I had been hoping to get off of work early and leisurely head down to the luncheon to transport the 150 lbs of fresh papaya for the guests.  Well, I got caught up at work and had to hustle to get downtown to the event.  As I got parked and unloaded the papayas onto my wheeling cart, I discovered that the elevators were down two ramps and down about 10 stairs and behind a door.  One by one, I had to carry each 25 lb case down the step and pull the door open and drop it in the lobby.  Thankfully, a fellow farmers, Josh Uehara, came by and helped me to carry down the remaining 75 lbs to the lobby.  Then it was time to wheel those cases down the parking garage elevator and up yet another elevator.  By the time I got in, I was sweating and felt like I had a workout.

The Chamber of Commerce event was really great in that this year, it was about how can we grow agriculture in Hawaii.  The hot topic debate on GMOs had subsided and now we could get to the real goal of saving farms here and maybe even growing more.  I was fortunate to be a panel member with Paul Brewbaker, Dean Okimoto, Josh Uehara, and Shin Ho.  These folks were great advocates for agriculture and long time farmers in our community.  We all got to tell our stories of what’s happening on our farms.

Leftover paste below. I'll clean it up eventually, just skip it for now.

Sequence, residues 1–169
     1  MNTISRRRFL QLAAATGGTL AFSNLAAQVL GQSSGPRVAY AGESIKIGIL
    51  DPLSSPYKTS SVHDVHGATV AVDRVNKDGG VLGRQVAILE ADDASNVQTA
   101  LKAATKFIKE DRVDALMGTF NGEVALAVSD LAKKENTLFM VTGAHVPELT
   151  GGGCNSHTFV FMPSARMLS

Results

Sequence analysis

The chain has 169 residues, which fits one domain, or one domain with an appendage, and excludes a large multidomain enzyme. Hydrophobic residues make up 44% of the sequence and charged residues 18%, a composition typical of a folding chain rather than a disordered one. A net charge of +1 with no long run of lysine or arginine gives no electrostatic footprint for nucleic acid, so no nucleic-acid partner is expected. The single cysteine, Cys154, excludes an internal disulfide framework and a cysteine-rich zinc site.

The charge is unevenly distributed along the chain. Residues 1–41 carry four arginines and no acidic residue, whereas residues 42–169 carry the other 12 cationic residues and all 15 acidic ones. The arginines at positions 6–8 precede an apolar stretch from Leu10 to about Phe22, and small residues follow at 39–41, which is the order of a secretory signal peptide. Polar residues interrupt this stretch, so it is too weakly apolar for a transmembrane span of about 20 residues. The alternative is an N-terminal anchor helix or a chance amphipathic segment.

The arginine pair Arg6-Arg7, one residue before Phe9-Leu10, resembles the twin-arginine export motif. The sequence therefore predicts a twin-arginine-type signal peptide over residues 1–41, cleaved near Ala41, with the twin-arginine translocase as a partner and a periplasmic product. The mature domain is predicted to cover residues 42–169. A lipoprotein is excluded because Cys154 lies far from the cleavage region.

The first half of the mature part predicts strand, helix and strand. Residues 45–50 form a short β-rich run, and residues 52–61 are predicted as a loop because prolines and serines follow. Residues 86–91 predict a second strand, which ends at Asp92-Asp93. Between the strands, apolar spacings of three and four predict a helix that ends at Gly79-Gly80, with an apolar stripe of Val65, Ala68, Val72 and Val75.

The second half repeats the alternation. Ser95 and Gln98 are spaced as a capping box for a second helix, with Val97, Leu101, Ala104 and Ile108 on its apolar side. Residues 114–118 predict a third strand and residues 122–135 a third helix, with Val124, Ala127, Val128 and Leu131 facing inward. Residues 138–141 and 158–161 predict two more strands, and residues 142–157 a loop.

I did get to meet up with lots of long time friends and allies after and then needed to head back to work.  After finishing up work, I had to run around picking up my kids to get them to the dentist on the other side of the island.  There was no way for me to make it to Kahala from Kaneohe so I had to cancel and just head home to feed my gang.

When I got home, my brother gave me a call asking me how it went.  He was initially asked to be a panel member but decided he was too busy to take it on.  He was super excited on the phone stating that he had heard me talk on the local Hawaii Pacific Radio station a few minutes ago.  I had mentioned on the panel that people think nothing of dropping $5.99 for cherries but when locally grown papayas are sold for $0.10 more at $1.89,  they complain!  That attitude doesn’t help our local farmers stay in business while costs rise, we can’t raise our costs to cover expenses.

To hear that glimmer of happiness that his frustration on running a farming business had been told to the public gave me a sense of inner peace for him.  My brother, who has no formal education in agriculture and armed with a business degree, jumped into this field to continue our family’s legacy.  It’s been a tough learning curve for him and I hear it in his voice when he needs someone to vent to.  Our family and workers provide thousands of papayas for people every single week for the last 40 plus years already.  The amount of sweat, pain, and energy needed to do this deserves respect.  If it weren’t for farmers, we’d have no local foods and we’d better start changing our views on them or we lose them forever.